molecular architecture providing improved lot-to-lot consistency, and more uniform co-monomer
incorporation. Also, since metallocene catalysts are more efficient than Ziegler-Natta ones, there are
fewer catalyst residuals in the polymer. Hence, a cleaner resin is produced. These resins are also
produced and shipped as pellets, as opposed to bales for most traditional EPDMs, thus affording
easier handling in some end-uses.
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Figure 1
Grade Characteristics by Ethylene/ENB Content


C
2
(H)/ENB(L) C
2
(M)/ENB(L)
Low/medium cure rate
Better heat resistance
C
2
(L)/ENB(L)
C
2
(H)/ENB(M)
High green strength
Better extrudability
High loading properties
High cure rate
High molecular weight
C
2
(M)/ENB(M)
General EPDM
High cure rate
Good low-temperature
characteristics
Balanced processability
C
2
(L)/ENB(M)
Superior low-
temperature
characteristics
High cure rate
C
2
(H)/ENB(H) C
2
(M)/ENB(H)
Very fast cure rate
High temperature,
short period
continuous
vulcanization
C
2
(L)/ENB(H)
Very fast cure rate
Superior roll process-
ability and flow
C
2
(H)/ENB(L) C
2
(M)/ENB(L)
Low/medium cure rate
Better heat resistance
C
2
(L)/ENB(L)
C
2
(H)/ENB(M)
High green strength
Better extrudability
High loading properties
High cure rate
High molecular weight
C
2
(M)/ENB(M)
General EPDM
High cure rate
Good low-temperature
characteristics
Balanced processability
C
2
(L)/ENB(M)
Superior low-
temperature
characteristics
High cure rate
C
2
(H)/ENB(H) C
2
(M)/ENB(H)
Very fast cure rate
High temperature,
short period
continuous
vulcanization
C
2
(L)/ENB(H)
Very fast cure rate
Superior roll process-
ability and flow
Ethylene content, wt%
LOW: 40-50
MEDIUM: 50-60
HIGH: Above 60
ENB content, iodine vaue
LOW: 5-10
MEDIUM: 12-19
HIGH: Above 20
LOW MEDIUM HIGH
H
I
G
H
M
E
D
I
U
M
L
O
W
ETHYLENE CONTENT





















A few years later, DuPont Dow Elastomers commercialized EPDM metallocene grades produced in
a gas-phase reactor. Since the EPDM is never in solution in this process, there are fewer viscosity
limitations and hence a higher molecular weight EPDM can be produced.

Chemistry

Linear polyethylene is highly crystalline, and the formation of several irregularities along the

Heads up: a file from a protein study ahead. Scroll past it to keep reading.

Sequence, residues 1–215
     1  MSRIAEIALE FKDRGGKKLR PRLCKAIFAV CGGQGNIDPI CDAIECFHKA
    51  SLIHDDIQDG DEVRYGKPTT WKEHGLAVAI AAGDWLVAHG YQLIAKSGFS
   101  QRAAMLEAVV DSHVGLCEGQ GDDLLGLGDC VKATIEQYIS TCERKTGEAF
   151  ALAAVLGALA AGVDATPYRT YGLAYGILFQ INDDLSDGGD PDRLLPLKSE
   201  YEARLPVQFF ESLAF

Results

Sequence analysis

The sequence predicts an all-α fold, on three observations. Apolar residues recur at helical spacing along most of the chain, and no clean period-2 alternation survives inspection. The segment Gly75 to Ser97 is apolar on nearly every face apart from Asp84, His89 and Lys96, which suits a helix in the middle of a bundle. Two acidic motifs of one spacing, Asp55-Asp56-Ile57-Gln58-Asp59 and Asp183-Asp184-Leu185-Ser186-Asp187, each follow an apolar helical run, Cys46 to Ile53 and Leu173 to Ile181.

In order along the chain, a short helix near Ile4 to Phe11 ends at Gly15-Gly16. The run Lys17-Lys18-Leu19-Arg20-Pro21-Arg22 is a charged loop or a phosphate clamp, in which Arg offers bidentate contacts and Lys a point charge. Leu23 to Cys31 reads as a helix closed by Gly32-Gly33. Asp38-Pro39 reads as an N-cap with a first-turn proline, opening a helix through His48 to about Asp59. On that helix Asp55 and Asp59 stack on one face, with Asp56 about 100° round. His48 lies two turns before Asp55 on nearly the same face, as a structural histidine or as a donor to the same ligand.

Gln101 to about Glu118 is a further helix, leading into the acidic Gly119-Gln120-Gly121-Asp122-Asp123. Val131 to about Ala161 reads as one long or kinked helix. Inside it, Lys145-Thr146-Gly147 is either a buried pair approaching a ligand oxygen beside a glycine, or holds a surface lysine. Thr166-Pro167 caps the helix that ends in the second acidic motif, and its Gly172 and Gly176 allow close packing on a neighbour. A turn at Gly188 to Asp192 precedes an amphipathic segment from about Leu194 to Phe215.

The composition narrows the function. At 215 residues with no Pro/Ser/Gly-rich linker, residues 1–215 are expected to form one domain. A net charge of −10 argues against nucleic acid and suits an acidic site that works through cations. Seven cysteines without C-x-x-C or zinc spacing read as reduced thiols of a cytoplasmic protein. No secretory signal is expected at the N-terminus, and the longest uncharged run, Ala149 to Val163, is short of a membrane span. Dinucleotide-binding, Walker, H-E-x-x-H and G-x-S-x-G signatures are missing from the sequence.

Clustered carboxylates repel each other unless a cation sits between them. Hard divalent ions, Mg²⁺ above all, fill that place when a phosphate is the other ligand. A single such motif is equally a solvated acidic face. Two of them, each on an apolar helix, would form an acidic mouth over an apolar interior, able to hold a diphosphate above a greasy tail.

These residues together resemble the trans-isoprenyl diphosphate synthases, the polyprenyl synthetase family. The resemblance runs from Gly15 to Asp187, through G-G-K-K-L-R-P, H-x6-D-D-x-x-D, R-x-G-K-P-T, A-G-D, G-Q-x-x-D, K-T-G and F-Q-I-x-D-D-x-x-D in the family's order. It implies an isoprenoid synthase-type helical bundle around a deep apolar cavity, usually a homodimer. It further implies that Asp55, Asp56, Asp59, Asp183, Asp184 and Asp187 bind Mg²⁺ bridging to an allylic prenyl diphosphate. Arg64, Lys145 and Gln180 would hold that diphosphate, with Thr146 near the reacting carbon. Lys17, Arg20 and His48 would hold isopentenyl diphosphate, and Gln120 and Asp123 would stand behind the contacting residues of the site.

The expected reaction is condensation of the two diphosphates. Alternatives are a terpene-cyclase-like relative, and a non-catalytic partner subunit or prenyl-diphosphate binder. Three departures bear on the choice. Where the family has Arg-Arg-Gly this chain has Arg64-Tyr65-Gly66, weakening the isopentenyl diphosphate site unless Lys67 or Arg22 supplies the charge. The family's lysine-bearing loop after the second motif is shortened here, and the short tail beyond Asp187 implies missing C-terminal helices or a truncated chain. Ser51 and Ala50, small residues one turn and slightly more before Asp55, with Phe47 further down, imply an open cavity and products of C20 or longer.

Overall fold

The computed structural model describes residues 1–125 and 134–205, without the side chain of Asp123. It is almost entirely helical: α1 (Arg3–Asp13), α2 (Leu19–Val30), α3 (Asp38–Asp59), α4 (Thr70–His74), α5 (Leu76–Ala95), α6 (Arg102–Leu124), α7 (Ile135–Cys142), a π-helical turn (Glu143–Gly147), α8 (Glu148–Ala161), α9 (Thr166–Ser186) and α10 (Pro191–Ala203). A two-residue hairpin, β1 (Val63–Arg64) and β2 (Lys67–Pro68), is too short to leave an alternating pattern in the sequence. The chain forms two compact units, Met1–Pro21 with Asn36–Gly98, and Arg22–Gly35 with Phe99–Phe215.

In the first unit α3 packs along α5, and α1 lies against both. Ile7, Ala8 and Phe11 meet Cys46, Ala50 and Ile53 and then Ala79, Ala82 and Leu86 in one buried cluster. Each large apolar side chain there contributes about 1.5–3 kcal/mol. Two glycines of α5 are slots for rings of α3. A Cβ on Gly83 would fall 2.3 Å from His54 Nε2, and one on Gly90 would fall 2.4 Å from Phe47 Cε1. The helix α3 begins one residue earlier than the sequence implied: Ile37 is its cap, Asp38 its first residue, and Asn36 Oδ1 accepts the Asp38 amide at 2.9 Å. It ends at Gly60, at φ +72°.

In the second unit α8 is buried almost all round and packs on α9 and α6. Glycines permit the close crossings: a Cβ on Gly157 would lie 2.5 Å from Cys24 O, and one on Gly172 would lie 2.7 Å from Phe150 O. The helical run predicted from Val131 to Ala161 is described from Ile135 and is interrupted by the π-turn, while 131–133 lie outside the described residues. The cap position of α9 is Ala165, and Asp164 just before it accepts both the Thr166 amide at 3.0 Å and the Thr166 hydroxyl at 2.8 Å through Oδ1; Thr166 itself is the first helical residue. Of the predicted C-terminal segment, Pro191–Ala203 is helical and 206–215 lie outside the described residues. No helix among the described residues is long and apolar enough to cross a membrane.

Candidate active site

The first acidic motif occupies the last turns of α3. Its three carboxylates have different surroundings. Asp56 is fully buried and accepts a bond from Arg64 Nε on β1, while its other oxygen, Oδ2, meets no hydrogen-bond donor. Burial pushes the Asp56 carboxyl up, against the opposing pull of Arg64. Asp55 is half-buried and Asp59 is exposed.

polymer chain (by addition of propylene, for instance) leads to an amorphous compound. In general,
elastomeric behavior appears when the propylene content of the macromolecule is between 30 and
80 weight percent.

Ethylene and propylene (EP) can be copolymerized with certain coordination catalysts (e.g. Ziegler-
Natta), and when the ethylene:propylene ratio is in a suitable range, an amorphous elastomer
polymer is formed. Incorporating unsaturation into side-chains provides sites for cross-linking
(curing). Note that the unsaturation is not added in the polymer backbone as that detracts from
ozone and oxidation
resistance.

E
N
B

C
O
N
T
E
N
T
- 4 -





Table 1
EPDMGrade Differences
Ethylene/Propylene/
Diene Content
Manufacturing
Process
Typical Applications Performance Differences Over
Base Grade
60/40/0 Solution Bumper/polymer blends
impact modifier, viscosity
improver

-

51/47/2 Solution Construction roofing
membrane
Good low temperature
characteristics, low cure rate, better
overall temperature characteristics

60/35.5/4.5 Solution General purpose extrusion,
mechanical goods, wire and
cable
Fast cure,
high green strength

70/25.5/4.5 Solution Wire and cable, hose,
impact modifier for TPO
Fast cure,
high green strength

50/43/7 Solution Automotive sponge tire
applications
Very fast cure, low temperature
resistance, superior covulcanization
with other diene rubbers (sponge)


Stereoregular placements are most desired and the normal propylene addition with vanadium
catalysts results in a combination of isotactic and syndiotactic placements.

The products made from ethylene and propylene are saturated and cannot be sulfur cured, but
require a peroxide (e.g., dicumyl peroxide or ditertiary-butyl peroxide). The incorporation of a third
diolefinic monomer such as dicyclopentadiene, ethylidene-5-norbornene-2 (ENB), or trans-1,4-
hexadiene adds unsaturation and permits the conventional type of sulfur cure.


CH
2
(
CH
2
) ( CH CH
2
)
x y
CH
3
n
EPM
EPDM
or
CH
2
(
CH
2
CH CH
2
)
x y
CH
3
) ( (
C C
R
)
z
n
Q404_00101.0005.4106.CDX
R contains one unsaturated linkage


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Effect of Diene Selection

ENB is now the preferred diene among the world’s EPDM producers, and over 90 percent of all
EPDM produced uses ENB. In the United States, Uniroyal (Crompton) is the only producer that
uses both dicyclopentadiene (DCPD) and ENB. In Western Europe, only DSM uses both DCPD and
ENB. In the Far East, all producers use ENB and some, at times, substitute DCPD. Sumitomo
produces its own ENB for captive use.

The nonconjugated, straight-chain diolefin 1,4-hexadiene and cyclic dicyclopentadiene and
ethylidene norbornene have the following in common:

• They contain at least two olefin units, one of which is polymerizable, the other suitable for